Norway’s Aftenposten Newspaper on E-Cat QX Demonstration

An article in the Norwegian newspaper Aftenposten has been published covering the recent demonstration of Andrea Rossi’s E-Cat QX in Stockholm, Sweden. The author is Per Kristian Bjørkeng who attended the demonstration, and discussed what happened there with others. The title of the article is: “Unknown energy source with enormous potential?”

Here’s link to an English language version of the article. (Norwegian version is here)

A few excerpts:

Summary of the experiment:

[Andrea Rossi] He receives a start signal from the controller present and starts the reactor by pressing a button. The temperature meter that shows the effect of the reactor starts to rise. Slowly, but surely, a pump passes the water past the energy generator.

In an hour, the temperature and the amount of heated water should be registered so that the energy that the experiment generates can be calculated.


For an hour, the water trickles out. Aftenposten sticks a finger into the water. At least it´s warmer than it was when going in. We can see that steam condensates. Finally the water is weighed: 1 kg. The external controller, senior engineer William S Hurley, says that for every 1 watt the device used, it produced an amazing 506 watts.

The effect is so huge that if it’s real, the energy cost of such a device would be less than a tenth of today’s cheapest energy sources. We could clearly be standing ahead of an energy revolution on the level of the discovery of oil – if the measurements are not based on some error.

Some quotes:

Plasma physicist Elisabeth Rachlew, Royal Institute of Technology in Sweden: ” I’ve never seen Rossi’s work before, so I thought this was exciting to look at. It was sensational that the device was so small. Some of what he did I know a lot about, and I could see that he did things right . . . it seems likely that neutron radiation is created from the experiment. As soon as this is detected and measured, this research will have to be carried out with much stricter security measures. Therefore, I do not think that LENR could be used in small reactors that fit into cars or inside the house of people”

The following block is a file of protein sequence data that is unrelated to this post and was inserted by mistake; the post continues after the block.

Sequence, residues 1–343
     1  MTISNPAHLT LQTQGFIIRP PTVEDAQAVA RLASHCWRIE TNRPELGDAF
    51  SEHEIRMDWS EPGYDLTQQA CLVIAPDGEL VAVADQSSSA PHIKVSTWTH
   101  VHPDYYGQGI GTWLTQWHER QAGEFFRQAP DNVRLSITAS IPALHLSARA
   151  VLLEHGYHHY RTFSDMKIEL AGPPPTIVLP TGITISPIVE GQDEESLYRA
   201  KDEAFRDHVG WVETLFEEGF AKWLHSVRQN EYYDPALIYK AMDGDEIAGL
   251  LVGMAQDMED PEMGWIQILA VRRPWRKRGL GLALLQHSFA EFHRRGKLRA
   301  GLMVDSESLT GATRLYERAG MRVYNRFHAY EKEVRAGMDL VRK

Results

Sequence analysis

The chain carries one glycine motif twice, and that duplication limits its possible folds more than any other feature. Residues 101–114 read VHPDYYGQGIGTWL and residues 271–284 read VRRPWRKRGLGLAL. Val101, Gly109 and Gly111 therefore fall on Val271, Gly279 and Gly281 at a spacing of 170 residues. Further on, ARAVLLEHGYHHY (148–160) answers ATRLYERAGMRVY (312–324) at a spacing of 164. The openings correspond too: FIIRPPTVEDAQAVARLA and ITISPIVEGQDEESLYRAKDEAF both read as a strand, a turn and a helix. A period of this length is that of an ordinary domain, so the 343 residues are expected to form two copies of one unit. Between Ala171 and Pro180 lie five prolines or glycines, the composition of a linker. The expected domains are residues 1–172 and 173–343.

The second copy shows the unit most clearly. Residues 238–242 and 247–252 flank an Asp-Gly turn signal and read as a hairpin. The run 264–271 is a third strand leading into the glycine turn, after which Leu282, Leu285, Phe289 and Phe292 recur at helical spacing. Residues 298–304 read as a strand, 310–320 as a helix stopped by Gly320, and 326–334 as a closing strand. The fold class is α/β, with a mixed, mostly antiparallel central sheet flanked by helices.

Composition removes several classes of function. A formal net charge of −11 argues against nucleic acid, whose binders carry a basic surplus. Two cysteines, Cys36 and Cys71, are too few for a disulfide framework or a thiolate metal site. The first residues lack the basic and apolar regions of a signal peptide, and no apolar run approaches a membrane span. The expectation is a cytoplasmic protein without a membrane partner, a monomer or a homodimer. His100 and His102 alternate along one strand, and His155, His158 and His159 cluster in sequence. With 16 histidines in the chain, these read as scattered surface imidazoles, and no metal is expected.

Physics professor Bo Höistad, Uppsala University “In order to awaken the interest of scientists, he must publish something that can be verified and repeated. There may be an unknown source of energy here, but the truth is that we do not know if that is the case”

Physics professor Dieter Röhrich, University of Bergen: “Why did not they set a meter so we could see if there was radiation from the experiment? This is trivial to set up. I do not want to say that LENR is just nonsense. I just want to point out that those who believe in it must show us an experiment, of high scientific quality, that can be verified and confirmed.”

Andrea Rossi: “I have had a public demonstration for the first time, and that it has shown that we have a device that used 0.09 watts and which produced about 20 watts.

In addition, consumption was only cyclical for three seconds at a time before it was turned off for 4 seconds – to avoid overheating. That’s basically all I want to say. The numbers are the only thing that matter.”

It’s good to see an unbiased report written, well illustrated, in a manner that non experts, unfamiliar with the subject can read. I think this is something I can send to family members who wonder what on earth I have been doing following this subject for so long!